Say what you like about the much maligned 13-man game, but one thing which can’t be disputed is that the per-capita rate of colourful identities out on the field has sky-rocketed in recent times.

Rugby league in its current form will be looked back upon by Generation Y in 20 years’ time as a golden age of characters in the same way people the age of your author reminisce about the Winfield Cup era of the 1980s and ‘90s.

Back then we had Sirro, Back-door Benny, Blocka, Mr Perpetual Motion, Brandy, Tunks, Turvey, The Falcon, Cement – and they were just the blokes with the cool nicknames. Every club, no matter who it was, seemed to have several players who stood out not just for the way they played the game, but for their character.

Conversely, the current crop of NRL first graders is accused of “lacking” character, personality, uniqueness. One common criticism is they’ve been media-trained to within an inch of losing their personalities altogether. But this way of thinking is easy to punch holes in.

When was the last time you saw a human being like James Graham take the field? The guy is famous for his furious temper, which he unleashes at team-mates, officials and the opposition at will. He’s a traumatising figure, but you won’t be forgetting him in a hurry, will you?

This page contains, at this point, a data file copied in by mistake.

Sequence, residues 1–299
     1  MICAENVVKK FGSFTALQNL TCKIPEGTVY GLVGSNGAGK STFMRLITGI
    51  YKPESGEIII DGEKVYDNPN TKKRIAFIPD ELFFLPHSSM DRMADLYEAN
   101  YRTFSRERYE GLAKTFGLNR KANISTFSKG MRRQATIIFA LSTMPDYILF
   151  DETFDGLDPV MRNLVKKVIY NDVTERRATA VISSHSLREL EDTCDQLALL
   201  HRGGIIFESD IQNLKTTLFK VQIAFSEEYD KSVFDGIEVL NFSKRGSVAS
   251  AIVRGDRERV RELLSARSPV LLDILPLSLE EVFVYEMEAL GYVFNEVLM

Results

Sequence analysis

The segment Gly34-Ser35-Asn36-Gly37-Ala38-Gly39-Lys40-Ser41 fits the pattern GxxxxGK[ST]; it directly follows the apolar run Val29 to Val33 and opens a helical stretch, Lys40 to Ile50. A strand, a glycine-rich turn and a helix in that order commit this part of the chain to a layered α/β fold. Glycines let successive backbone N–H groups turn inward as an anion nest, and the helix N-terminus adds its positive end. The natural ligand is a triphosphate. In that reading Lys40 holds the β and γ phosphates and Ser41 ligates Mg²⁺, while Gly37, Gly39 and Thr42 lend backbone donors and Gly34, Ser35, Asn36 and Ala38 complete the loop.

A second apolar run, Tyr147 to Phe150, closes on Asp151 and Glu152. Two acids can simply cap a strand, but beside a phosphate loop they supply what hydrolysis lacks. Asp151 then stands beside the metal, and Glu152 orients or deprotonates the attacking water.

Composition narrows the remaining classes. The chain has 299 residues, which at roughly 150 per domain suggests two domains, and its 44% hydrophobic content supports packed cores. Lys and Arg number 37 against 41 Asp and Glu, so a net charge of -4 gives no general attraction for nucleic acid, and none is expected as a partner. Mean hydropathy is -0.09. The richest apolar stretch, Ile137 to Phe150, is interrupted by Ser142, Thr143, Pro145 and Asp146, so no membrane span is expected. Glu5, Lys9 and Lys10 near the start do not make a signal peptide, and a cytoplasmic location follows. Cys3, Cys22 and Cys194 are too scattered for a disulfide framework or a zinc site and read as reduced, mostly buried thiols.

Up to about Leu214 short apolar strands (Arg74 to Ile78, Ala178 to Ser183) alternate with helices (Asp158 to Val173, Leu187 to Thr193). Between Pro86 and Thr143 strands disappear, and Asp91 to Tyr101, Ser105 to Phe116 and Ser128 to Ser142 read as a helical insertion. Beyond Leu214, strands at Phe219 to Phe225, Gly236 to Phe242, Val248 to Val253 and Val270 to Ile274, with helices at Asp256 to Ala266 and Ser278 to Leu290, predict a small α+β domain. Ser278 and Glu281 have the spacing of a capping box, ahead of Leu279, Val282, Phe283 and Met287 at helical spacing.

Mick Ennis is another one. I’ve interviewed him and seen him sit on panels on Fox Sports week in, week out. Seems like a lovely fellah. But the rest of the league community has other ideas, and that’s fine. Stir up a stadium full of Green Machine disciples with the very clap they use to show their support for their Raiders and you’ll attract controversy. Stir up an Eels great like Hindy and you’ll be called a grub – by everyone including Hindmarsh himself …

Paul Gallen’s another one, a magnificent villain for the game. It’s as if New South Wales is responding with its own “Wally” 20 years later.

Where would our news cycles be without Jarryd Hayne these days? Call him what you will - a dreamer, an overrated ex-NFL player, or one of the many other barbs which have been thrown his way - but one thing he ain’t is boring.

Sam Thaiday? The guy does “class clown” well, whether he is one or not. He’s fun. When the camera’s rolling after full-time, so is he.

Johnathan Thurston. The hero. The “Peter Sterling”, if you like, of the modern era. To the rescue. Loved by all. Skills galore. Tough, too. There has to be one rose among all those thorns, at least.

Cameron Smith: perfect, perfect Cameron Smith. But don’t you hate the way he’s always in the refs’ ears? Telling them how to … ref?

These are all popular perceptions, of course, but they’re fantastic for the sport. I’ve only skimmed the surface here, but our game is doing just fine in the character stakes. Why else would you be reading about rugby league just about every single day of the year? Off-season? There’s no such thing with this lot around.

Keep the characters coming, boys. We’re loving it.